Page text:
Californians are even choosing to move to Oklahoma, where the unemployment rate is 7 percent. During the last 10 years, more Californians moved to Oklahoma than the reverse. (California has an unemployment rate of 12.4 percent and Texas is 8.3 percent.)

Chris Mathews: If miners were tea party, they'd kill each other

Chris Mathews, host of MSNBC's Hardball, is typical of those on the left who just don't have a clue.

As reported by Politico:
In an interview with AFL-CIO President Richard Trumka, Matthews railed against the tea party, saying its central belief is “every man for himself. …No more taxes, no more government, no more everything. No more safety net.”

“You know these people, if they were every man for himself down in that mine, they wouldn't have gotten out,” Matthews added.

“That's exactly right,” Trumka chimed in.

Matthews continued: “They would have been killing each other after about two days.”

Adam Brandon, a spokesman for FreedomWorks, the tea-party group founded by former House Majority Leader Dick Armey, said it was “distasteful” and “sickening” for Matthews to inject politics into the story of the dramatic rescue of 33 trapped miners.

“It shows he has a fundamental misunderstanding about what we’re about. It isn’t every man for himself. It’s everyone working to do what they do best, a division of labor, so that everyone benefits,” Brandon said. “In that mine, everyone was working toward a common goal. It wasn’t dictated; it was spontaneous order.
These people are ignorant. Makes Keith Olberman look intelligent, which he is not. No wonder MSNBC has some of the worst ratings in the cable news business. How they get on TV is beyond me.

Wednesday, October 13, 2010

Barney Frank revising history once again

(Update 10/15/2010: The day after I wrote this, Investors Business Daily had its own take on Barney Franks in an editorial entitled "Barney's big lie.")

In a Tuesday debate, Barney Frank, chairman of the House Finance committee, made this statement:
“Low-income home ownership has been a mistake, and I have been a consistent critic of it,’’ said Frank, 70. Republicans, he said, were principally responsible for failing to reform Fannie Mae and Freddie Mac, the mortgage giants the government seized in September 2008.
But in September 2003, according to the New York Times:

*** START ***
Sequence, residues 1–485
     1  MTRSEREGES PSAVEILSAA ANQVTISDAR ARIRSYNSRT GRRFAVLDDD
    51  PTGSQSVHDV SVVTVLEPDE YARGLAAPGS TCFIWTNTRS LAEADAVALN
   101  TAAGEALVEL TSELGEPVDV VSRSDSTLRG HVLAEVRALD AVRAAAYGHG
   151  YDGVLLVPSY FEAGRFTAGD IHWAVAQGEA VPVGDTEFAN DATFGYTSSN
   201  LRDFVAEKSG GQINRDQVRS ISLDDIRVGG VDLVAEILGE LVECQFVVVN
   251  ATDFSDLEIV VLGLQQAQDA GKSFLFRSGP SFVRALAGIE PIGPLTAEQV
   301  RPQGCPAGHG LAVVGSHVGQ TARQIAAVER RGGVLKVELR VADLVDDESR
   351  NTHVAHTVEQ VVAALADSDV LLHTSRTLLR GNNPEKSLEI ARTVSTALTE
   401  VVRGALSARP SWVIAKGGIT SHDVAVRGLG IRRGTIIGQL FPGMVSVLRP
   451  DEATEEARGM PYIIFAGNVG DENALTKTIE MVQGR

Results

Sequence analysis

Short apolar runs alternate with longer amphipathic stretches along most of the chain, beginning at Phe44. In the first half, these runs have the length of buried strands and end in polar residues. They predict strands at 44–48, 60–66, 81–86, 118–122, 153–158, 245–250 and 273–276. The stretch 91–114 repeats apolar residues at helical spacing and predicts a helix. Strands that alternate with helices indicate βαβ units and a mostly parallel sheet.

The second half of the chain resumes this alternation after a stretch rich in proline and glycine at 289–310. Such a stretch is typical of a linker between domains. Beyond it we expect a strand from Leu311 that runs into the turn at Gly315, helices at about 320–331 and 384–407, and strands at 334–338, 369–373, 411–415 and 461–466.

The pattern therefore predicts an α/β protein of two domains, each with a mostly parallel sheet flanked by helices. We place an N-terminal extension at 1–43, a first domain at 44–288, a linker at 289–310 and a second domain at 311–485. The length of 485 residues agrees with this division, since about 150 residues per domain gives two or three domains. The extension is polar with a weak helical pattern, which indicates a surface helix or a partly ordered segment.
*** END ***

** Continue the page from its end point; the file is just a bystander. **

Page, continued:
The Bush administration today recommended the most significant regulatory overhaul in the housing finance industry since the savings and loan crisis a decade ago.

Under the plan, disclosed at a Congressional hearing today, a new agency would be created within the Treasury Department to assume supervision of Fannie Mae and Freddie Mac, the government-sponsored companies that are the two largest players in the mortgage lending industry.

Among the groups denouncing the proposal today were the National Association of Home Builders and Congressional Democrats who fear that tighter regulation of the companies could sharply reduce their commitment to financing low-income and affordable housing.
''These two entities -- Fannie Mae and Freddie Mac -- are not facing any kind of financial crisis,'' said Representative Barney Frank of Massachusetts, the ranking Democrat on the Financial Services Committee. ''The more people exaggerate these problems, the more pressure there is on these companies, the less we will see in terms of affordable housing.''
And reported in 2008 by the Business and Media Institute:
Frank was and remains a stalwart defender of Fannie Mae, which is now under FBI investigation along with its sister organization Freddie Mac, American International Group Inc. (NYSE:AIG) and Lehman Brothers (NYSE:LEH) – all recently participants in government bailouts. But Frank has derailed efforts to regulate the institution, as well as denying it posed any financial risk. Frank’s office has been unresponsive to efforts by the Business & Media Institute to comment on these potential conflicts of interest.